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Editorial Issue 33

by Sandra Goodman PhD(more info)

listed in editorial, originally published in issue 33 - October 1998

Cancer survival statistics make for sober reading, especially these days when the media are always ready to announce "breakthroughs" or "miracle cures". Most intelligent people who don't happen to be cancer epidemiologists would get the optimistic impression that cancer detection and cure rates are increasing and that mortality is decreasing.

Nothing could be farther from the truth, as is presented in this issue's specially extended Breast Cancer feature. The honest truth, judging from cancer incidence and mortality rates, is that there is nothing miraculous happening about cancer today. The mortality rate is depressingly high for many common cancers, such as lung, pancreatic and colon cancers.

Breast cancer, which is diagnosed in more than 30,000 British women each year, kills more than 10,000 annually. And although the relative five-year survival rate is over 68%, this average figure masks the truly stark disparity between the five-year survival rate of women with localised Stage I (90%) – and those with metastasised Stage IV (24%) – breast cancer.

Where do you stand on the survival belief divide? Do you believe, as many in the holistic field do, that your attitudes, beliefs, and emotional baggage play a role in getting cancer and surviving? Or do you feel, as many in the environmental campaign groups do, that cancer incidence is rising dramatically due to environmental causes – toxins and carcinogens in our food, atmosphere and water coupled with a decline in soil nutrients and general nutrition? Or do you subscribe to both beliefs, feeling that you can influence your chances of getting cancer and/or surviving it by modifying your attitudes and lifestyle, but also recognising that until the environmental causes are identified and eliminated, that more of us will be getting and dying from cancer.

This survival belief divide is not some abstract, trivial notion, but offers a profoundly honest way of asking yourself what you would/will do if/when you are diagnosed with cancer. There are undoubtedly some among you who would not permit such a negative thought to cross your mind, while the more pragmatic/pessimistic among you would prefer to at least map out your strategy prior to your cancer diagnosis.

As many of you will know, I don't subscribe to the notion that cancer is caused by our beliefs or negative emotions. There are far too many of us getting cancer to attribute cancer to attitude. I acknowledge the research which demonstrates that attitude and spirit appears to affect survival; however, I have personally known many women with shining spirits who have fought their cancer with such determination I didn't think possible, but who have died nonetheless. And others who have managed to survive by following the standard medical protocols.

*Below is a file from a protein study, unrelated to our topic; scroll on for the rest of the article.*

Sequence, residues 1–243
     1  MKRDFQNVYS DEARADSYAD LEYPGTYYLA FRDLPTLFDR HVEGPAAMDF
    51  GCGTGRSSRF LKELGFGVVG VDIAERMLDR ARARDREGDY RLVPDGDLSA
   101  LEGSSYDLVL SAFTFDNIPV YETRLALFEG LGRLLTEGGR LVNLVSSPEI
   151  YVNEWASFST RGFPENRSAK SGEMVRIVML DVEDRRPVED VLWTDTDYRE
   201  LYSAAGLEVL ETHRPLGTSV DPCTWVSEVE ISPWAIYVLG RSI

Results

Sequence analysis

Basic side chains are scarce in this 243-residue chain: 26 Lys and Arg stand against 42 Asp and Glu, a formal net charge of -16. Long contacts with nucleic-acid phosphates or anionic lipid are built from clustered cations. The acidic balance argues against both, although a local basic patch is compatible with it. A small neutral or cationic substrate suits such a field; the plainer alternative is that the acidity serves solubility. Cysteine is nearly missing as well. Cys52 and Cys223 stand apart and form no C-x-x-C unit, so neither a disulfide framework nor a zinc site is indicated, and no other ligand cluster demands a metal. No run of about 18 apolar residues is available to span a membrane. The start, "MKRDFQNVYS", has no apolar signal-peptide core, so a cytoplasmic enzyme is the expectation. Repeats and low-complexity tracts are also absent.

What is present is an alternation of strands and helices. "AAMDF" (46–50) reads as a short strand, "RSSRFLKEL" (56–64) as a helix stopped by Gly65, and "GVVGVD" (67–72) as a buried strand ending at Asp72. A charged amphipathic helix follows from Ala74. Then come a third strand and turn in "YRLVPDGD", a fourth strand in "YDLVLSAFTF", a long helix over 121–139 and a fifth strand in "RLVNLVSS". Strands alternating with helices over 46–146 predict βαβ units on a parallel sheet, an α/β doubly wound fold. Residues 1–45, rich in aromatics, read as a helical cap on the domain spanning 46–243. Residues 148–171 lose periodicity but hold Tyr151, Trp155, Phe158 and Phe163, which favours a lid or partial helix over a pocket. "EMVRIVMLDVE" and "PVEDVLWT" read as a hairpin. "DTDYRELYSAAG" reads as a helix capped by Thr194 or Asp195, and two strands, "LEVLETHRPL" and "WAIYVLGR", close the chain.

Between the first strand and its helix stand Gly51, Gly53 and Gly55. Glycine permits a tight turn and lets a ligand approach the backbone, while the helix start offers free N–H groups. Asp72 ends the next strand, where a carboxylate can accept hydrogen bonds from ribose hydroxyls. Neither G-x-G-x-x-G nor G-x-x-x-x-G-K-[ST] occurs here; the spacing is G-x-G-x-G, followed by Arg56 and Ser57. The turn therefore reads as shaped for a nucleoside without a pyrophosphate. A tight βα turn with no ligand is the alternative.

My most informed opinion regarding cancer survival at present is that it is an unknowable lottery, dependent upon the stage when the cancer is diagnosed, the location of the cancer, the type of tumour, the aggressive nature or otherwise of the cancer, the excellence or otherwise of treatment carried out and the individual characteristics, personality and lifestyle strategy of the person following their diagnosis of cancer.

Julie, whose heart-rending story is chronicled (pages 18-21) died all-too-young, despite lashings of positive attitude, spiritual, dietary and lifestyle efforts and appropriate medical treatment. Sue Pembrey and Anne-Marie Schuller have both gone through similar journeys and are here to tell the tale.

I for one agree heartily with Jonathan Chamberlain, whose wife died of breast cancer, and who has written a book (Fighting Cancer see page 6), advising all of us to plan our cancer treatment campaign before we get cancer, when we have the luxury of time and don't have to make life-and-death decisions in a hurry. But I also feel strongly that we all have to campaign as strongly as we can to determine, identify and then eradicate the environmental causes of cancer. We owe it to all our loved ones who have died before their time.


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About Sandra Goodman PhD

Sandra Goodman PhD, Co-founder and Editor of Positive Health, trained as a Molecular Biology scientist in Agricultural Biotechnology in Canada and the US, focusing upon health issues since the 1980s in the UK. Author of 4 books, including Nutrition and Cancer: State-of-the-Art, Vitamin C – The Master Nutrient, Germanium: The Health and Life Enhancer and numerous articles, Dr Goodman was the lead author of the Consensus Document Nutritional and LifeStyle Guidelines for People with Cancer and compiled the Cancer and Nutrition Database for the Bristol Cancer Help Centre in 1993. Dr Goodman is passionate about making available to all people, particularly those with cancer, clinical expertise in Nutrition and Complementary Therapies. Dr Goodman was recently featured as Doctor of the Fortnight in ThinkWellness360.

Dr Goodman and long-term partner Mike Howell seek individuals with vision, resources, and organization to continue and expand the Positive Health PH Online legacy beyond the first 30 years, with facilities for training, to fund alternative cancer research, and promote holistic organizations internationally. Read about Dr Goodman and purchase Nutrition and Cancer: State-of-the-Art.  She may be contacted privately for Research, Lectures and Editorial services via:   and

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